Government to release £250m for urgent active travel schemes

 

The Government has pledged to release £250m to councils for the reallocation of road space to active travel 'within weeks', as part of a wider multi-billion pound package, backed by statutory guidance.

In reaction to the coronavirus pandemic, the Department for Transport's (DfT) fast-tracked statutory guidance states local authorities 'in areas with high levels of public transport use should take measures to reallocate road space to people walking and cycling'.

The government also plans to create 'a national cycling and walking commissioner and inspectorate' as part of a revamped national cycling and walking strategy this summer.

”Local

'Measures should be taken as swiftly as possible, and in any event within weeks, given the urgent need to change travel habits before the restart takes full effect,' the DfT said.

'Local authorities where public transport use is low should be considering all possible measures,' the DfT said.

A £250m emergency active travel fund will be released from a previously announced £5bn package for cycling and buses to pay for 'pop-up bike lanes with protected space for cycling, wider pavements, safer junctions, and cycle and bus-only corridors'.

However so far there has been no detail on how the cash will be released to councils and whether maximum allocations will take account of public transport use and traffic levels.

No law has been changed and the DfT concedes that none of the measures are new – 'they are interventions that are a standard part of the traffic management toolkit, but a step-change in their roll-out is needed to ensure a green restart'.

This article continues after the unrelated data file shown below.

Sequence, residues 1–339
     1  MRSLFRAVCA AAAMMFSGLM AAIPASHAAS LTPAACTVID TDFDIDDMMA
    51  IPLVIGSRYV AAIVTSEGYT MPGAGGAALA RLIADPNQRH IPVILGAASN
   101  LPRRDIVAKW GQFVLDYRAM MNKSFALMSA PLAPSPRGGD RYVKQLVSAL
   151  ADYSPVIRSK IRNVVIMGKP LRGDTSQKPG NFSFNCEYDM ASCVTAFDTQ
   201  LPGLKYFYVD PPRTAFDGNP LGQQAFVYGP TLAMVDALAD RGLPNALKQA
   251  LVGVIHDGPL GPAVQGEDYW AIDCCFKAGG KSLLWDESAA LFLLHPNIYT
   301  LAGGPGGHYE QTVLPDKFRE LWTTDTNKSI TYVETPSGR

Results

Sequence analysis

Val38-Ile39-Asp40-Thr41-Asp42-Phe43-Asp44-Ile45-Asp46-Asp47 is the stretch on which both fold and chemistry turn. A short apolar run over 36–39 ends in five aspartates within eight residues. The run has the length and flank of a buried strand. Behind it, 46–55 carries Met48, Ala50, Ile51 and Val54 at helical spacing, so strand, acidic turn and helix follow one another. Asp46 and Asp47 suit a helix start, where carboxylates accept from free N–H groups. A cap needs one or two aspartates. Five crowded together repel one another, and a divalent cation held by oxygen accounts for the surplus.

The move is designed to both to encourage active travel and to enable social distancing - staying two metres apart - during the restart after the national lockdown.

The cash is the first stage of a £2bn investment in active travel investment the government said.

Transport secretary Grant Shapps said: 'There’s been a 70% rise in the number of people on bikes - for exercise, or for safe, socially distanced travel. When the country gets back to work, we need them to carry on cycling, and to be joined by millions more. With public transport capacity reduced, the roads in our largest cities, in particular, may not be able to cope without it.

'We recognise this moment for what it is: a once in a generation opportunity to deliver a lasting transformative change in how we make short journeys in our towns and cities. According to the National Travel Survey, in 2017-18 over 40% of urban journeys were under two miles – perfectly suited to walking and cycling.

'The Government therefore expects local authorities to make significant changes to their road layouts to give more space to cyclists and pedestrians. Such changes will help embed altered behaviours and demonstrate the positive effects of active travel.

'I’m pleased to see that many authorities have already begun to do this, and I urge you all to consider how you can begin to make use of the tools in this guidance, to make sure you do what is necessary to ensure transport networks support recovery from the COVID-19 emergency and provide a lasting legacy of greener, safer transport.'

An updated Cycling and Walking Investment Strategy is also due in the summer, with measures aimed at doubling cycling and walking by 2025. These include: